How To Easily Clean Your Oven

How To Clean Your Oven

The holidays have been rough on my oven! Even though we actually purchased a NEW range back in July (we won’t talk about the unfortunate cookie fire that led to the demise of the original one) all the cooking I’ve been doing the last month has taken its toll.

So for today’s “Save My Sanity Saturday” post, I decided to revisit my original post about a super easy way to clean your oven that doesn’t involve buying expensive store-bought cleaners…and doesn’t involve massive amounts of elbow grease.

The “method” is much like the method I use to clean my nasty stove burners (click HERE to see the that post.) It works overnight to loosen and dissolve grease and baked on foods. It’s inexpensive, and it’s much less harsh than typical store-bought products. Although it doesn’t magically clean your oven, this homemade oven cleaner makes a a difficult job much easier than simply rubbing and scrubbing. Trust me on this.

Before we get started….a couple of important warnings:

  • If you have a gas over (like I do!) make sure the pilot light is out and the gas has been turned off.
  • Never mix ammonia with other strong cleaning agents, such as bleach or commercial oven cleaners.

OK….now we can get started.

 

How To Easily Clean Your Oven:

Begin by preheating the oven to 150 degrees F.

How To Clean Your Oven

While the oven is heating, put on a pot of water to boil.

How To Clean Your Oven

Once the oven has reached 150 F, turn it off and pour 1 cup of ammonia into a heat safe bowl or baking dish and place it on the top rack of the oven.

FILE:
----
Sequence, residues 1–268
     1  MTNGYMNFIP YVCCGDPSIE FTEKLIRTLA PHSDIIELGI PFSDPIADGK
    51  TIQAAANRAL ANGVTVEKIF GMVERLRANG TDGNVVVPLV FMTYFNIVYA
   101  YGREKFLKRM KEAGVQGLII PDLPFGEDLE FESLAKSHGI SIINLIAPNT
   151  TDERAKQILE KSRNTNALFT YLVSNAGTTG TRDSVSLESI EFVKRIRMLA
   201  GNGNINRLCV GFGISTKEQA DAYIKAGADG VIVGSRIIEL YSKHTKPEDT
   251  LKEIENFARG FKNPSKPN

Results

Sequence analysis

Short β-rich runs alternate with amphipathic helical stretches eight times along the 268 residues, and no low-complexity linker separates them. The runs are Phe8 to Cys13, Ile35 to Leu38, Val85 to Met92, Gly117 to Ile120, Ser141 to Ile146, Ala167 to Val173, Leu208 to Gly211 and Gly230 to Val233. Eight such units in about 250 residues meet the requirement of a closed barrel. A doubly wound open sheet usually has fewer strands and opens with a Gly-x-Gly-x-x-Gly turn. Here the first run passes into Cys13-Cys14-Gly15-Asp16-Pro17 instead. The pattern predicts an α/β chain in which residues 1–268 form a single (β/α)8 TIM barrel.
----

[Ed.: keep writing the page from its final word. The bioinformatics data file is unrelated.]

How To Clean Your Oven

Place the pot of boiling water on the bottom rack, close the oven door, and leave them both in the oven overnight.

 

How To Clean Your Oven

Picture from original post.

 

The next morning, open the oven and remove both the bowl of ammonia and the pot of water. Don’t dispose of the ammonia; you’ll want to use it later. Remove the racks and leave the oven door open to air out for 15 minutes. Add 1-2 teaspoons of liquid dish soap to the ammonia, along with a quart of warm water, and using a heavy-duty nylon scrubbing pad dipped in the ammonia mixture, begin to wipe away the softened grease and grime along the sides and bottom of the oven. It should be a fairly easy job at this point.

Wear some kitchen gloves, since ammonia can be caustic to skin. However, I found it interesting that the ammonia was WAY LESS powerful smelling after having sat overnight in the oven.

How To Clean Your Oven

How To Clean Your Oven 

Because my oven wasn’t as dirty as the first time I posted about this method (thankfully!) the gunk that WAS there cleaned up almost effortlessly! The hardest thing continued to be trying to reach the back wall of the oven. (If I was brave enough I would have taken off the oven door like someone suggested last time I posted about this problem. But I wasn’t.)

 

If you have the patience (and who doesn’t when it comes to getting around to cleaning the oven?) I promise this will be the easiest way to clean your oven you’ve ever tried!

 

(For an ALMOST effortless way to clean your oven RACKS……click HERE.)

 

How do you clean your oven?